Day 9 – Queries Going Boom

This is the ninth installment in the 12 day series for SQL tidbits during this holiday season.

Previous articles in this mini-series on quick tidbits:

  1. SQL Sat LV announcement
  2. Burning Time
  3. Reviewing Peers
  4. Broken Broker
  5. Peer Identity
  6. Lost in Space
  7. Command ‘n Conquer
  8. Ring in The New

Kaboom

Ever see an error like this??

The query processor ran out of internal resources and could not produce a query plan. This is a rare event and only expected for extremely complex queries or queries that reference a very large number of tables or partitions. Please simplify the query. If you believe you have received this message in error, contact Customer Support Services for more information.

Error 8623
Severity 16

That is a beautiful error.  The message is replete with information and gives you everything needed to fix the problem, right?  More than a handful of DBAs have been frustrated by this error.  It’s not just DBAs that this message seems to bother.  I have seen plenty of clients grumble about it too.

The obvious problem is that we have no real information as to what query caused the error to pop.  The frustrating part is that the error may not be a persistent or consistent issue.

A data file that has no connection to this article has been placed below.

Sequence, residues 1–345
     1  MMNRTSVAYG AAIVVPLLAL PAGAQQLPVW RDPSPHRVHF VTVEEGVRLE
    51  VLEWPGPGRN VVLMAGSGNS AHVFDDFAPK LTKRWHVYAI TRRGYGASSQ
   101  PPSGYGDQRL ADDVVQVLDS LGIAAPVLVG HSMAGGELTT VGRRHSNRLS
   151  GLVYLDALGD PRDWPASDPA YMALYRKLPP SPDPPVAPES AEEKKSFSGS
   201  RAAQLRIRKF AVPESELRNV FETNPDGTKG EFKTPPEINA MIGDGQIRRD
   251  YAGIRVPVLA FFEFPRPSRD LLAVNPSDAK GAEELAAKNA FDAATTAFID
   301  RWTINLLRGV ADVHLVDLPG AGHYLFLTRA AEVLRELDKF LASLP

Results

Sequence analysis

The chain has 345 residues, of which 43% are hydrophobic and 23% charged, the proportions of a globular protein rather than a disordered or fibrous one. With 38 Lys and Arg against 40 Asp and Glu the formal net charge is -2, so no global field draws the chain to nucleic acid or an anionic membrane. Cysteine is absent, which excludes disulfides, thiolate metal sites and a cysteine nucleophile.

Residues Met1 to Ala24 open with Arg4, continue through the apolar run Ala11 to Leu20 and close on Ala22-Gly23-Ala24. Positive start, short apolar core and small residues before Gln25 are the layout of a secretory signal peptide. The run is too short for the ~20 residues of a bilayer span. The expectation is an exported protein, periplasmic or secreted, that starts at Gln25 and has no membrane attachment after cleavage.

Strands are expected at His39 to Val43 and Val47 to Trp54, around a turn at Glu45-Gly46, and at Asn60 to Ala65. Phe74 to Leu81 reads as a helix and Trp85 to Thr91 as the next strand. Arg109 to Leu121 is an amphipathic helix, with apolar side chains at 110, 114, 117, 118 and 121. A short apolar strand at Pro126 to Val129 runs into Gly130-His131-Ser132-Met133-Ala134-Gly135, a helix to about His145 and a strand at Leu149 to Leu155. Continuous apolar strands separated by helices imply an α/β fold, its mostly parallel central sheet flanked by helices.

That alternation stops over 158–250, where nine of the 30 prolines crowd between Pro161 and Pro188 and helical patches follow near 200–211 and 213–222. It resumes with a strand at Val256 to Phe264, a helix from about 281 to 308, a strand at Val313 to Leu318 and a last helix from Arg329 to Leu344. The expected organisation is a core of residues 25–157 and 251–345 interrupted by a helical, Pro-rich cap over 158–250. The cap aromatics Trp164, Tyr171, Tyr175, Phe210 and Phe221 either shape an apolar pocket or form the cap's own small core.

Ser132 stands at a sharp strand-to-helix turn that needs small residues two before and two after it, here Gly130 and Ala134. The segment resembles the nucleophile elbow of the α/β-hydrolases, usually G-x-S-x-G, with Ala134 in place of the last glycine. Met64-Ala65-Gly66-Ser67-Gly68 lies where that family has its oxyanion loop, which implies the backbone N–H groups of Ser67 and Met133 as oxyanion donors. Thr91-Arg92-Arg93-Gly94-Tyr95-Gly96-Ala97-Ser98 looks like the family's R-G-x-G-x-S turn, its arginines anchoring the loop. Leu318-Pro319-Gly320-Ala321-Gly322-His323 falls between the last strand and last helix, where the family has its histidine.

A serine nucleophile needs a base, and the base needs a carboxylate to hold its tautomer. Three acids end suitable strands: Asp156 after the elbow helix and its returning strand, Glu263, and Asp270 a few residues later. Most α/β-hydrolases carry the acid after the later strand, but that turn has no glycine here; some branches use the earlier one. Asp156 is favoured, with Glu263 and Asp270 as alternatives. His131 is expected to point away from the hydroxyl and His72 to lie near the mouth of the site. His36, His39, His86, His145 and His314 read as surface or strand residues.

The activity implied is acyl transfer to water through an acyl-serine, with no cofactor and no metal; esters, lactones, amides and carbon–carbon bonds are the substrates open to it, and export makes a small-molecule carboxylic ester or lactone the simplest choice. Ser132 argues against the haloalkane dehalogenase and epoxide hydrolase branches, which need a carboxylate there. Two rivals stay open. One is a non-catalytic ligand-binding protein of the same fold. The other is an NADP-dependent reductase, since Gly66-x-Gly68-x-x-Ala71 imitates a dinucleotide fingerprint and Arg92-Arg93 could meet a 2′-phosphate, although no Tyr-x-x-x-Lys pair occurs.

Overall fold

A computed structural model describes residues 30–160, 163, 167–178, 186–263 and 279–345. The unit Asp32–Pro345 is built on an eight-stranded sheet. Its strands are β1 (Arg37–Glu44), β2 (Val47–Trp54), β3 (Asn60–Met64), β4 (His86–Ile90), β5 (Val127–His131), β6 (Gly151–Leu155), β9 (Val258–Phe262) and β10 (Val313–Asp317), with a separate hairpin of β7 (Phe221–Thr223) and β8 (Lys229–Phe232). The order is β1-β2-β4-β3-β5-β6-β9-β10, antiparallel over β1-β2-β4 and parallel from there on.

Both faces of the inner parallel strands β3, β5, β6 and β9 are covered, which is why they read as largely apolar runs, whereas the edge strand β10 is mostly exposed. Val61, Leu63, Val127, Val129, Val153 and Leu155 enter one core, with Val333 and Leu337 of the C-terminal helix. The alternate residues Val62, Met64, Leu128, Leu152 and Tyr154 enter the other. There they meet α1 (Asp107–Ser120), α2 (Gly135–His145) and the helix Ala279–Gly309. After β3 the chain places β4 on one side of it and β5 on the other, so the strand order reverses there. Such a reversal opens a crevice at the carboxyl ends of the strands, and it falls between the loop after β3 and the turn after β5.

Thanks to the super powers of XE (extended events), we can trap that information fairly easily now.  Bonus is that to trap that information, it is pretty lightweight as far as resource requirements go.

Without further ado, here is a quick XE session that could be setup to help trap this bugger.

[codesyntax lang=”tsql”]

[/codesyntax]

And now for the caveats.  This session will only work on SQL 2012.  The second caveat is that there are two file paths defined in this session that must be changed to match your naming and directory structure for the output files etc.

Should you try to create this session on SQL Server 2008 (or 2008 R2) instead of SQL Server 2012, you will get the following error.

Msg 25706, Level 16, State 8, Line 1
The event attribute or predicate source, “error_number”, could not be found.

Now that you have the session, you have a tool to explore and troubleshoot the nuisance “complex query” error we have all grown to love.  From here, the next step would be to explore the output.

7 Comments - Leave a comment
  1. Veronika Komarov says:

    Was anyone able to use this technique successfully? I created a session in SQL2012 SP1 server and while I keep getting 8623 errors in SQL Log, I do not get any output and also I see only .xel file created (but showing nothing) and not .xem file. Any help will be greatly appreciated.

    • Jason Brimhall says:

      I have had it work successfully for me on more than one occassion with 2012 sp1. Can you give me more info? Are you sending the output to ring_buffer or to one of the file types?

  2. […] I understood that this was a complex query but struggled with finding the source. I was using SQL 2008 R2 so the extended events available in SQL 2012 were not an option for debugging. (If you are on this version, I recommend this article by Jason Brimhall: http://jasonbrimhall.info/2014/01/02/day-9-queries-going-boom/) […]

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